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If you get a speeding ticket while traveling, does it stay on your record back in your home state?

We receive this question from friends and family (and readers) all the time, so we looked into how the tangled web is organized.

When it comes to how a ticket in your home state affects your driver's license status in another state, the answer is complex and changing each year. If you want to know how much information follows you around, the quick answer is: yes it does, so watch your speed. Your unpaid speeding ticket in California, for example, will prevent you from being able to renew your Ohio driver's license. 

The more complete answer is that different information follows you different places in different ways.

Here's how it works: There are three major databases that keep track of your driver's license info: the National Driver Register (NDR, also referred to as the Problem Driver Pointer System (PDPS)), the Driver License Compact (DLC) and the Non-Resident Violator Compact (NRVC). None of these names sound like places at which you'd want to sit down and have dinner, do they?

The NDR: Don't Show Up On This List

The NDR is a creation of The Federal Motor Carrier Safety Administration (FMCSA), which launched ten years ago. The FMCSA's "primary mission is to prevent commercial motor vehicle-related fatalities and injuries," part of which it attempts to do by keeping track of infamous drivers, and although its name suggest commercial license holders -- like truck drivers -- it's more than that. It keeps a look out on regular car drivers as well.

The National Driver Register keeps tabs on "drivers who have had their licenses revoked or suspended, or who have been convicted of serious traffic violations such as driving while impaired by alcohol or drugs." Every state and the District of Columbia submits information to the NDR and they are obligated to check the NDR before granting any license privileges. Your name being on the NDR doesn't hinder your getting a license, it is merely a way of keeping track of your violations. However, if your license has been suspended, revoked, or otherwise cancelled, or you've been reported as a problem driver in any state, there's a very good chance your license application will get a red "Denied" stamped across it.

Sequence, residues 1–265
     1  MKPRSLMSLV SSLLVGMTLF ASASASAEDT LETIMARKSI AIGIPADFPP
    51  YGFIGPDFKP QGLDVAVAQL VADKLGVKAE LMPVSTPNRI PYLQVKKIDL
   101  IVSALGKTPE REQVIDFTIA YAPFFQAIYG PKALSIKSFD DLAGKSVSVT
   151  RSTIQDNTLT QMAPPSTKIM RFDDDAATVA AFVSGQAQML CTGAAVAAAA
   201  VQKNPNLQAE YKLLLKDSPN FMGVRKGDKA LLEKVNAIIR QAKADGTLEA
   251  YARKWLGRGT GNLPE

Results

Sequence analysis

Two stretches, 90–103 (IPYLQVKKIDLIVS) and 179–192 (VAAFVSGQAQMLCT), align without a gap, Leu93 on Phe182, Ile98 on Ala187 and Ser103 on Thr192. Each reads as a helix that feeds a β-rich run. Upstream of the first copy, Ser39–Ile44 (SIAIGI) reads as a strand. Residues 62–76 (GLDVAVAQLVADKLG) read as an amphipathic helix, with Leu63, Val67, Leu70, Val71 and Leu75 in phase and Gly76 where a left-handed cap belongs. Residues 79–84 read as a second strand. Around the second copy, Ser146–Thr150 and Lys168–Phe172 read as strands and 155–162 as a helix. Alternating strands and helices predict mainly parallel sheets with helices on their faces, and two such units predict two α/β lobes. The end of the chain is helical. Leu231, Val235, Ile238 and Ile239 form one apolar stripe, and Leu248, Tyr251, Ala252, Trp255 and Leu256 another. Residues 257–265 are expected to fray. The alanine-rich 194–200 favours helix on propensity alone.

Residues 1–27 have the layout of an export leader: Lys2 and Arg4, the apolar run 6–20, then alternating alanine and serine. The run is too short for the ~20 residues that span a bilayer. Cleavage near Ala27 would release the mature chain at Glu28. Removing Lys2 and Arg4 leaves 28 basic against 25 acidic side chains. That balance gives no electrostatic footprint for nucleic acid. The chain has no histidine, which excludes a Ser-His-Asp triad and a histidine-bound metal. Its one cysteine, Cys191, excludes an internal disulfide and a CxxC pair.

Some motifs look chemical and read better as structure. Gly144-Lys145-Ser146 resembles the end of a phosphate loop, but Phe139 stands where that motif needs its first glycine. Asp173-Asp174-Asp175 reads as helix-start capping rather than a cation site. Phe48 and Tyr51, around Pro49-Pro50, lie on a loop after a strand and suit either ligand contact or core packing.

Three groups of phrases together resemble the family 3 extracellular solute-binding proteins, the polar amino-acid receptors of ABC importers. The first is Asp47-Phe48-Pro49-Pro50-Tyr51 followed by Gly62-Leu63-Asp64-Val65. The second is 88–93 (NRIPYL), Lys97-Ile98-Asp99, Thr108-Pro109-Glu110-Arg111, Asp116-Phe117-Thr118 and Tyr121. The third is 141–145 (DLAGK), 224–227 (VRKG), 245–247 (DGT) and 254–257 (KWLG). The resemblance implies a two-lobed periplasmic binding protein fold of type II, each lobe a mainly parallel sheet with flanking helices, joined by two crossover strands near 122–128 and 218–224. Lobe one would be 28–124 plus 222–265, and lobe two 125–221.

Here's an example of how the NDR works. Say your home state is Pennsylvania, and you have a driver's license there. The PA department of transportation will check the National Driver Register three and six months before you are up for renewal, and if it finds an issue in another state, such as a DUI in Florida that has not been attended to, they'll let you know.

You would then need to resolve the issue in Florida before you could renew your license in your home state. You are still legally allowed to drive in Pennsylvania as long as your PA license is valid - you simply can't get a new license. So, the time would be ticking.

If you are in the NDR, your record will consist of your name, gender, date of birth, license number, and the name of the state that reported you.

Anything more detailed, like a specific violation reported or information on a suspension or conviction, is not included (the reporting state holds on to that).

Various bodies can access the information, like a company that employs drivers or one that hires pilots, but the amount of information they receive might differ. An employer of drivers is notified of anything reported to the NDR in the past three years, while an airline is notified of any record from the past five years.